Can You Lose Your Permanent Residency?

Posted by Frank Gogol

You’ve finally made it! You’re a lawful permanent resident of the United States! You can now live and work in America permanently and have access to the many other benefits of lawful permanent residency – similar to a U.S. citizen.

Before you get too excited, though, you might be wondering, can you lose your permanent residency? In fact, yes, you can. But only in very specific circumstances. Let’s take a look. 

What is a Permanent Resident? 

Once you get your green card, you are a permanent resident of the U.S. There are many benefits to being a lawful permanent resident, which you can read more about here. If you haven’t already gone through the process of applying for a green card, you can also find tips to apply for your green card here

The focus of this article will be, can you lose your permanent residency once you’ve already obtained it. 

Can You Lose Your Permanent Residency

Even though permanent residency provides you with a permanent right to live and work in the U.S., you can still lose your permanent residency. There are actually a variety of reasons you could lose your permanent residency. Unfortunately, losing your permanent residency could lead to deportation. 

Losing your permanent residency doesn’t happen automatically, though. In most cases, if any of the below scenarios apply, you will have a chance to defend yourself in an immigration court. It may also only come up once you try to apply for naturalization (U.S. citizenship). When you apply to become a U.S. citizen, the United States Citizenship and Immigration Services (USCIS) will have a few questions to ask, and they will also scrutinize your permanent resident status. If there is anything that could cause you to lose our permanent residency status that wasn’t picked up before, there is a good chance it will be picked up then.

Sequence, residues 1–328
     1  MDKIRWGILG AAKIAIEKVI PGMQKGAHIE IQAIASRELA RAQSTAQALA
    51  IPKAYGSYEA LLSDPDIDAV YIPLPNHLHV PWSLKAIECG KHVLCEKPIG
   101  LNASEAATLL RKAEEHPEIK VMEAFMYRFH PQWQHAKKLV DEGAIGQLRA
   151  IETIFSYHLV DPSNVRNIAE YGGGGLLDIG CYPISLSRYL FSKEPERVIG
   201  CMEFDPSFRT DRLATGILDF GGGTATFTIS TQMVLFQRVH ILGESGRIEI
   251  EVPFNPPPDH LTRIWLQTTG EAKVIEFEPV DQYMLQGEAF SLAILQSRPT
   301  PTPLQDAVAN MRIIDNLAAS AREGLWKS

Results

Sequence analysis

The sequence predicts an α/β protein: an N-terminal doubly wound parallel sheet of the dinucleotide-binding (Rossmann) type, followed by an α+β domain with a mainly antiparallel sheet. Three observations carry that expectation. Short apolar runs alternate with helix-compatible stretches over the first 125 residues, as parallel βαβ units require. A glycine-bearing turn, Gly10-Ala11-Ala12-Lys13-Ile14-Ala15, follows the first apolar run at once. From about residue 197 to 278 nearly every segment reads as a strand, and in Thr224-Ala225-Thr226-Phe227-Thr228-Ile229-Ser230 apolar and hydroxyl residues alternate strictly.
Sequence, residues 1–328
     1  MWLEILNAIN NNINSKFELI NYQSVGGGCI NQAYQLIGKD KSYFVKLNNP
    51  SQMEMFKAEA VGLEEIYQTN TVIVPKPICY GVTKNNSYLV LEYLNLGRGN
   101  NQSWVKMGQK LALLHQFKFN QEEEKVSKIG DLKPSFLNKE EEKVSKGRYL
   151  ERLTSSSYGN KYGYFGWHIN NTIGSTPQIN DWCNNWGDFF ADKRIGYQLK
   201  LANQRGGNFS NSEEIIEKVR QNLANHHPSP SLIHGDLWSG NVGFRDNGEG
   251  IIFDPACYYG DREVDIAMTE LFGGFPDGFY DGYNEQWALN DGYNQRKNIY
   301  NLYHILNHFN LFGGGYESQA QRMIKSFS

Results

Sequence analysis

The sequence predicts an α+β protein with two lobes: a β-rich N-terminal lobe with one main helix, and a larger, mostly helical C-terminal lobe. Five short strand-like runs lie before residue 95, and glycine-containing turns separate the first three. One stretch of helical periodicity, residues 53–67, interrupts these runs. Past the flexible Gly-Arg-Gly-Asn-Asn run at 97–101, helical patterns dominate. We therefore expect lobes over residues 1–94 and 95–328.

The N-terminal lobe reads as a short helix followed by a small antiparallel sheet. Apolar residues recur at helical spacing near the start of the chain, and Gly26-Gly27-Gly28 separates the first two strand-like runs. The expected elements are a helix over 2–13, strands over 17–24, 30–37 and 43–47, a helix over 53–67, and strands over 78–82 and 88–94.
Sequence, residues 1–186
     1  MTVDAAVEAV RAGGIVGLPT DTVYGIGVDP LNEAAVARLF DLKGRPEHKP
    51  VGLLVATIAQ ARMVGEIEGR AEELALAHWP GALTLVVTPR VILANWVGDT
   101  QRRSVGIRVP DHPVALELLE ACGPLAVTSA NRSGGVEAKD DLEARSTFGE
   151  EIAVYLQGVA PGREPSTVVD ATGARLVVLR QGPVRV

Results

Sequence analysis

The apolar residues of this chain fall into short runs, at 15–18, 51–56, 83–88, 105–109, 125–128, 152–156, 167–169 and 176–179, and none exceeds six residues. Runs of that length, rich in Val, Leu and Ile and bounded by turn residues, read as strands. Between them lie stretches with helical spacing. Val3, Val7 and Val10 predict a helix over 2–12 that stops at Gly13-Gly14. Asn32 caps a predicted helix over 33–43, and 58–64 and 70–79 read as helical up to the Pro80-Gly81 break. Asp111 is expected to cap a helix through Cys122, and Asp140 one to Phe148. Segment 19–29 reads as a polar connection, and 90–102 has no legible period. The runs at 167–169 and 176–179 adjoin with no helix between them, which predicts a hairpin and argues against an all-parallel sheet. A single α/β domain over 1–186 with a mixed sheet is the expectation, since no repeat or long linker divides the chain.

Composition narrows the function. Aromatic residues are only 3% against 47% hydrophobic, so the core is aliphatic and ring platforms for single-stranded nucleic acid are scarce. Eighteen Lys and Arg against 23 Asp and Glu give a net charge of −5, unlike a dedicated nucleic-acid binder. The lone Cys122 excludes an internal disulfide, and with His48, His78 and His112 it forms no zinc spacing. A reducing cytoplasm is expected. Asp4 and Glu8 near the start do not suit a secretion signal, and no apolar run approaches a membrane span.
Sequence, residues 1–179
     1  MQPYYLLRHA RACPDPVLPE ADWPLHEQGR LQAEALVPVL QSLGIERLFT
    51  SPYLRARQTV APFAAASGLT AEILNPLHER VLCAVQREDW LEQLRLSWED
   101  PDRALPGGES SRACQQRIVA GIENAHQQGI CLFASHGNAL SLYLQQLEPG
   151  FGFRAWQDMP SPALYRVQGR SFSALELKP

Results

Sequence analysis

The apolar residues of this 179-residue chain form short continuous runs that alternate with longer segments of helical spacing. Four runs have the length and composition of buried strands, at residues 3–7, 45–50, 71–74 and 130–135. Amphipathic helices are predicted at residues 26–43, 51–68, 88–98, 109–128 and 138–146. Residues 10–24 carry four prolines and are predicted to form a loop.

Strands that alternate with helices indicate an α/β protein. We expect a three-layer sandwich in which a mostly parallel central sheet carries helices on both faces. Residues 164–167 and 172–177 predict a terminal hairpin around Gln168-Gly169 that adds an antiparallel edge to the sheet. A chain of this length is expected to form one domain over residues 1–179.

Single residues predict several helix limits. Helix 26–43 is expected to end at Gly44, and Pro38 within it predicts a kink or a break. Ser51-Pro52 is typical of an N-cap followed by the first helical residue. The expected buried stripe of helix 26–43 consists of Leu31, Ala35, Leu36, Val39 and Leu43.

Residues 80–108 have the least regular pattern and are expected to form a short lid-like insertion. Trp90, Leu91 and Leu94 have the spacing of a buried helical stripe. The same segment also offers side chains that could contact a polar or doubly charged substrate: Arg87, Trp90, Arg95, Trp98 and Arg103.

So how can you then lose your permanent residency? 

5 Ways to Lose Your Permanent Residency

Below we look at the 5 most common reasons you could lose your permanent residency. This isn’t an exhaustive list, though, so if you are concerned, you might lose your lawful permanent resident status consult an immigration attorney.

1. Live Outside the United Status for Too Long

If you are a green card holder and you live outside of the U.S. for too long, you could lose your permanent residency status. This is considered “abandonment” of your permanent residency status. 

Generally, this would be where you spend more than 12 months outside of the U.S. without special permission. Shorter absences can, however, also trigger “abandonment” if the Customs and Border Protection (CBP) Officer believes you intended to live outside of the U.S.

You might leave the U.S. with no intention to abandon your permanent resident status (for example, to take care of a sick family member). However, your absence could still show a different intention. 

If you need to leave the U.S. for an extended amount of time, plan well, and prepare. Make sure you know exactly what to do and what not to do while you are outside of the U.S. If you need to leave for an extended period, apply for a re-entry permit. A re-entry permit can allow you to be out of the U.S. for up to 24 months without leading to the abandonment of permanent resident status.

Here are also some things you can do to show you haven’t abandoned your lawful permanent resident status:

  • Make sure you file your taxes on time while you are outside of the U.S.
  • Buy a home or sign a long term lease in the U.S.
  • Don’t have a permanent home anywhere outside the U.S. (except if it is only for holiday purposes)
  • Open a bank account in the U.S. and get a U.S. driver’s license.

2. Choosing to Surrender Your Permanent Residency

Lawful permanent residents can also voluntarily surrender their permanent residency by filing a Form I-407, Record of Abandonment of Lawful Permanent Resident Status